By Eliana Dockterman
January 18, 2019

Warning: This post contains spoilers for Unbreakable, Split and Glass.

Twenty years after The Sixth Sense shocked audiences, M. Night Shyamalan’s name has become synonymous with the twist ending. The director cemented that notion in 2017 when Split left viewers with a teaser that revealed that the horror film was, in fact, a stealth sequel to his 2000 superhero film Unbreakable.

Despite the director’s reputation, the last act of Glass, the third and final entry in Shyamalan’s low-key superhero franchise, isn’t particularly surprising. Anyone who saw Unbreakable and Split probably predicted a grim finish to the triology. (Yes, plenty of people die.) But in Glass, Shyamalan seems less concerned with surprising the audience than hammering home the philosophical ideas he introduced in the films’ two predecessors. It’s a limp ending, as critics have noted, but it’s chock full of symbolism.

In Unbreakable and Split, Shyamalan asserted that those who experience trauma can grow into superior beings. It’s not a particularly original idea: The backstories of his superhero and two supervillains are essentially a dramatization of the famous Nietzsche quote, “What doesn’t kill you makes you stronger.” In Glass, he plays with yet another Nietzschean idea: The “ubermensch.” Often translated as super man, the ubermensch became the precursor for comic book superheroes. The German philosopher and Shyamalan both assert that this type of super-powered man represents humanity’s future.

But before we mine Glass’ finale for meaning, let’s quickly review what happened at the end of film: Elijah, a.k.a. Mr. Glass (Samuel L. Jackson), devises a plan to escape the psychiatric ward where he, Kevin Wendell Crumb (James McAvoy) and David Dunn (Bruce Willis) are being kept. Since the events of Unbreakable, Elijah has been obsessed with the idea that comic books are a historical record of real superheroes. He recognizes an opportunity to prove himself right when he learns that Kevin, who has Dissociative Identity Disorder, can summon a villainous identity called “the Beast.” He invites David to fight the Beast atop the tallest tower in Philadelphia so that the world can witness their strength. If David doesn’t agree, Elijah says he will blow up the building.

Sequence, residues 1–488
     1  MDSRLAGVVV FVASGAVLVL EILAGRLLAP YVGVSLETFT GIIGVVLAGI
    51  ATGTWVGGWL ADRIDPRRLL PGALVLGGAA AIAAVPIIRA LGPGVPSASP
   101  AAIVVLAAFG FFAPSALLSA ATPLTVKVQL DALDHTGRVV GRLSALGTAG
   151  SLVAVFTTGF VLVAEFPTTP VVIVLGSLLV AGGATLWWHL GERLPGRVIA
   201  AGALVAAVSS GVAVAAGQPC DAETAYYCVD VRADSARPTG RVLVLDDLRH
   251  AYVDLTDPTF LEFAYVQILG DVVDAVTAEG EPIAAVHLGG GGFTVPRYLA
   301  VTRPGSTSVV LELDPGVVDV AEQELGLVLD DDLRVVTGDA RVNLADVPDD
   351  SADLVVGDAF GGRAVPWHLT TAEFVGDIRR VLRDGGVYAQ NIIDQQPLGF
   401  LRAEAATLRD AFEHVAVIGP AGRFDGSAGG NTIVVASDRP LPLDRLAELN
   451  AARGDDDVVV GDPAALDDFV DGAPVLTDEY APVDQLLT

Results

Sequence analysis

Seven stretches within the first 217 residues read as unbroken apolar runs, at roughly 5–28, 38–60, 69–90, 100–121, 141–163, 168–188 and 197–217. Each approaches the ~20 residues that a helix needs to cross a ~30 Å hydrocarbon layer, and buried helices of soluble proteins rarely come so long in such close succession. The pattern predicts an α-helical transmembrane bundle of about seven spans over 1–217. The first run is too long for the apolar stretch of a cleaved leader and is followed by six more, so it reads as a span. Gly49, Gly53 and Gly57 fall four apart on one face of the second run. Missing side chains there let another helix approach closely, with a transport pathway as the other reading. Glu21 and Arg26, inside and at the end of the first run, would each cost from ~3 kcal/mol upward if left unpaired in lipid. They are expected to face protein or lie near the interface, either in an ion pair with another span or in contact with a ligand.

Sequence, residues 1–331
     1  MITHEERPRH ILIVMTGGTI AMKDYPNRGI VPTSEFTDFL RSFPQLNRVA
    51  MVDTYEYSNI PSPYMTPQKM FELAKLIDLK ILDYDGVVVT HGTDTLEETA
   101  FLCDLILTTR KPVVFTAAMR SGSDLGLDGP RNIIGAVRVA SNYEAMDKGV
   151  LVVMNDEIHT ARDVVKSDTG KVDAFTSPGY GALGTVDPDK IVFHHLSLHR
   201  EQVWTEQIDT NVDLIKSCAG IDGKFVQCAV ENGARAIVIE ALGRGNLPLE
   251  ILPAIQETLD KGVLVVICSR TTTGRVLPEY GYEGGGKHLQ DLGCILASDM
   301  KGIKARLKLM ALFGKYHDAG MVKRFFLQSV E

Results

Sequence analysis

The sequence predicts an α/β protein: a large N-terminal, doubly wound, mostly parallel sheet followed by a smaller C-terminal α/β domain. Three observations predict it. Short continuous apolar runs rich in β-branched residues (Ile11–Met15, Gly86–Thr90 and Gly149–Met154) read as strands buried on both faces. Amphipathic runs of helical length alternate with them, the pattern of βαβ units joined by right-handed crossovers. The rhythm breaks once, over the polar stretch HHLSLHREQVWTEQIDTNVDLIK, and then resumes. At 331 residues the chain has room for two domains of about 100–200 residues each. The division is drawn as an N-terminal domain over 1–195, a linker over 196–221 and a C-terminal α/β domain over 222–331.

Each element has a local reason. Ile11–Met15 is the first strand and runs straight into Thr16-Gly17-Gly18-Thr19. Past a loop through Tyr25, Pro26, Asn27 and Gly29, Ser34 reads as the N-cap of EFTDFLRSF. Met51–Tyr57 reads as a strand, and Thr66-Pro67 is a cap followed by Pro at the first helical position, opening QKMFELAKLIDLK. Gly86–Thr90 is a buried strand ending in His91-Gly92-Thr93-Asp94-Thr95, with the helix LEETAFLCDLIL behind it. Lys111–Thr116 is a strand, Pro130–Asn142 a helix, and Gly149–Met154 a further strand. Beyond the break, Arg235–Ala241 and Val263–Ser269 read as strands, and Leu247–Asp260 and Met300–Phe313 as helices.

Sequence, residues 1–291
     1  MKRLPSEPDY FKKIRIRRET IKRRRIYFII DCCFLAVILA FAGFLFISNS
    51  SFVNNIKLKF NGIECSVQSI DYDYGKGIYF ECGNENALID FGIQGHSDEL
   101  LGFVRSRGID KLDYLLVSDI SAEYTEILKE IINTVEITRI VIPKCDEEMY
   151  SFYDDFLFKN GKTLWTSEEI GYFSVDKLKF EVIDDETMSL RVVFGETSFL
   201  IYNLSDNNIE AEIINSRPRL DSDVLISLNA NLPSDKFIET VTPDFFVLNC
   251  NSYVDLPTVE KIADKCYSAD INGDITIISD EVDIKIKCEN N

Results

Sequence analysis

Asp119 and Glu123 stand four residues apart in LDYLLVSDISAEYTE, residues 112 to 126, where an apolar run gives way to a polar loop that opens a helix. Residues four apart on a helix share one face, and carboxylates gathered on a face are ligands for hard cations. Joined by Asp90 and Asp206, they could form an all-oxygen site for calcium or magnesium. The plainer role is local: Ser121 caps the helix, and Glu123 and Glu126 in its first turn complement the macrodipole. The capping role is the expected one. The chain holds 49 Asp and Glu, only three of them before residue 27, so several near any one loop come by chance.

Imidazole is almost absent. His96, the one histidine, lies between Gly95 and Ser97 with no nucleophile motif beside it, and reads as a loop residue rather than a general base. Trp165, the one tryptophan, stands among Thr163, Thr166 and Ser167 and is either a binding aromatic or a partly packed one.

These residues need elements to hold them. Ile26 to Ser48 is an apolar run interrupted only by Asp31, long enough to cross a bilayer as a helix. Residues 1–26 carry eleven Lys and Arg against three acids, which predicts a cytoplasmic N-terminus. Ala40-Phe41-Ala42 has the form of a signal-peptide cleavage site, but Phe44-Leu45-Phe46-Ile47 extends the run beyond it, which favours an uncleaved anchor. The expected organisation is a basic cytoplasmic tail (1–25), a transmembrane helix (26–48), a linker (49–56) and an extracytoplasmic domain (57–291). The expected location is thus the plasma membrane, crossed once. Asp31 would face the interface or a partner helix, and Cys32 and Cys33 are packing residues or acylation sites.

But it turns out that Elijah never planned for David and the Beast to make it to there. Elijah hacked the hospital’s security system so that video footage from the grounds would automatically be emailed to his mother (Charlayne Woodard) as proof. He then records himself waking up the Beast in the tunnels beneath the hospital and eventually orchestrates a fight between the Beast and David. Everything is captured on camera.

During the fight, David’s son Joseph (Spencer Treat Clark) reveals that Kevin’s father died on the same train that crashed while David was riding it in Unbreakable. In that first movie, Elijah admitted to causing that crash in order to find potential superheroes. Elijah is delighted by this new piece of information and asserts that he created two super-people by causing the accident: David back in 2000, and now Kevin, who suffered abuse from his mother after his father died and developed a superhuman identity to protect himself. The Beast responds by crushing Elijah’s fragile bones, fatally injuring him.

Dr. Ellie Staple, the “psychiatrist” played by Sarah Paulson, reveals herself to be a member of a cabal sworn to killing all super-humans, good or evil. All of the members of this secret organization sport shamrock tattoos on their wrists, for unknown reasons. Staple and her minions succeed at killing David and Kevin once they have become weakened by fighting one another. Staple then erases the video footage and tells her superhuman-hating colleagues that she would like to continue to exterminate super people across the world in order to maintain the world order. And here comes the first twist: She has been the real villain all along.

Up until this point, Elijah has pitched this final battle as the sort of showdown that typically shows up in the “special editions” of comic books. As Elijah dies, his mother asks him how he, a comic books expert, could not have predicted this ending. Elijah says, “It wasn’t a special edition. It was an origin story.”